Squids are abundant around the months of June and July off the east coast of Malaysia. The most popular squid jigs are the pink/red-white colours but other colours such as green-white and blue-white also produces, even purple. The only way to know during that place and time is to experiment.
There are no real techniques to squid fishing or Egi, the Japanese name for squid fishing. Just keep in mind to let your jig sink all the way to the bottom and once there, do one of these routines. Jerk and drop. Jerk, jerk and drop. Vary between short and long jerks until you find something that works. Do not be afraid to rip the rod as squids are aggressive feeders and will chase down a prey.
Once you feel as if your jig have snagged into something (a squid has grabbed it). Stop jerking immediately and there is no need to strike. Striking may dislodge a squid as some may only have the tip of their tentacles hooked and striking hard may rip the hook off. Play the squid up to the boat in a smooth retrieve manner. Big squids put up a good fight and is a lot of fun on light tackle. It can be a very addictive type of fishing on its own.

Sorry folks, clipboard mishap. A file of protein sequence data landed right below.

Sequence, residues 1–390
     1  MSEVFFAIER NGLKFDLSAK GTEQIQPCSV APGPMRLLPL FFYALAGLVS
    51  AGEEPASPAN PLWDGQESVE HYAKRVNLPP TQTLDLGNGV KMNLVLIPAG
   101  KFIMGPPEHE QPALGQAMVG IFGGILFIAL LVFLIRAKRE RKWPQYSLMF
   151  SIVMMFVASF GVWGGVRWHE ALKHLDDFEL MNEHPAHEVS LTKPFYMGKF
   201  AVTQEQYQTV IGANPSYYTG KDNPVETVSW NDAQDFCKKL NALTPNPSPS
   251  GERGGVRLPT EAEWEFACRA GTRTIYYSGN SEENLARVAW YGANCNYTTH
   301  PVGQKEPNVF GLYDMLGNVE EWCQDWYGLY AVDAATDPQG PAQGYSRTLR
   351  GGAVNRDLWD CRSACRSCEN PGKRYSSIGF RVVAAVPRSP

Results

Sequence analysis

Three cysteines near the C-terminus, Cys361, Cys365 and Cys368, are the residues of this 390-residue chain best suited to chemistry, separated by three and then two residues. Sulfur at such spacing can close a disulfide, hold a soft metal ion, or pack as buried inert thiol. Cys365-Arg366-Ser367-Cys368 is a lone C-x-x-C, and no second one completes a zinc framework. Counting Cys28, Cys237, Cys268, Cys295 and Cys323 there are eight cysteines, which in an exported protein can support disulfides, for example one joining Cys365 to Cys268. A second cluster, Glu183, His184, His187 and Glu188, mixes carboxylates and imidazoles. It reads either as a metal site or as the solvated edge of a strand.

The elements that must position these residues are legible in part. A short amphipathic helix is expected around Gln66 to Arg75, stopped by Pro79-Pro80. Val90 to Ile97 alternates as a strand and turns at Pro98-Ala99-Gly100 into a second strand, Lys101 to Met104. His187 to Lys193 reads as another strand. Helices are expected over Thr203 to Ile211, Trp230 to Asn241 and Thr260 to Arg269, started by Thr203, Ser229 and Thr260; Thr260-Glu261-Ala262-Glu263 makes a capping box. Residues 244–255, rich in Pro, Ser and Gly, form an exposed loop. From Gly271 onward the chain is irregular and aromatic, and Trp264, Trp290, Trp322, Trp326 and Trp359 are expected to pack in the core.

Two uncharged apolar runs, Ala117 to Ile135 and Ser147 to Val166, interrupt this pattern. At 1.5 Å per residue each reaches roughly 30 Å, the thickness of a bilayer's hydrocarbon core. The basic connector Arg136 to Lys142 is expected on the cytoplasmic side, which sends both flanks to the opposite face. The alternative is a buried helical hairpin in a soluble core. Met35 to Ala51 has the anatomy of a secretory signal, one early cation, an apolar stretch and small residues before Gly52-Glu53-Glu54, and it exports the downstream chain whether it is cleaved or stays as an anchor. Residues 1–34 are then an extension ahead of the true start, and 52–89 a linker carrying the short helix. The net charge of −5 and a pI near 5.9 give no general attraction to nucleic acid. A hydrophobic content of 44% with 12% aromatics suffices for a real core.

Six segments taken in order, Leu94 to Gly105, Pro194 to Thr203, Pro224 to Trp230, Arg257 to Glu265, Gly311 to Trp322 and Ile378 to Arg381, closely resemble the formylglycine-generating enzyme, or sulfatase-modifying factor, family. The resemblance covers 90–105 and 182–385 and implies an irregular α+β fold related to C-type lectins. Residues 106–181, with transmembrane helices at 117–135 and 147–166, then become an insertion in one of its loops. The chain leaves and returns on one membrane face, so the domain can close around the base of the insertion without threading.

Good Japanese jigs do make a difference. Yo-Zuri, Yamashita, Harimitsu, Tsuriken and Breaden makes some of the best jigs in the market.
Although they do not look that much different from the cheap jigs, quality jigs does produce better results. This is probably due to the high quality materials used to create the texture and shine plus swim action. Squids do have the biggest eyes in the animal kingdom and that gives them excellent eyesight.
Quality jigs also have better sink rates. The only exception is when fishing during the peak of the season when there are so many squids and they are practically fighting over whatever appears in front of them. Squids are very aggressive creatures and are also cannibalistic.
Quick Tip: Learn to differentiate a fish’s pull from a squid’s pull and soon you will know when squids are trying to steal your bottom fishing catches. When this happens, it is time to bring out the squid jigs to catch these fish snatchers.
Often, one or more squids will follow a hooked squid to the surface. Some even attack the hooked squid and it is not uncommon to get our squids in with bite marks and chunks of flesh missing.
You can get away without adding weight or using a sinker on your rigs when fishing shallow waters, In deeper waters, depending on the current, a sinker is needed to bring the jig down to the bottom where the squids are.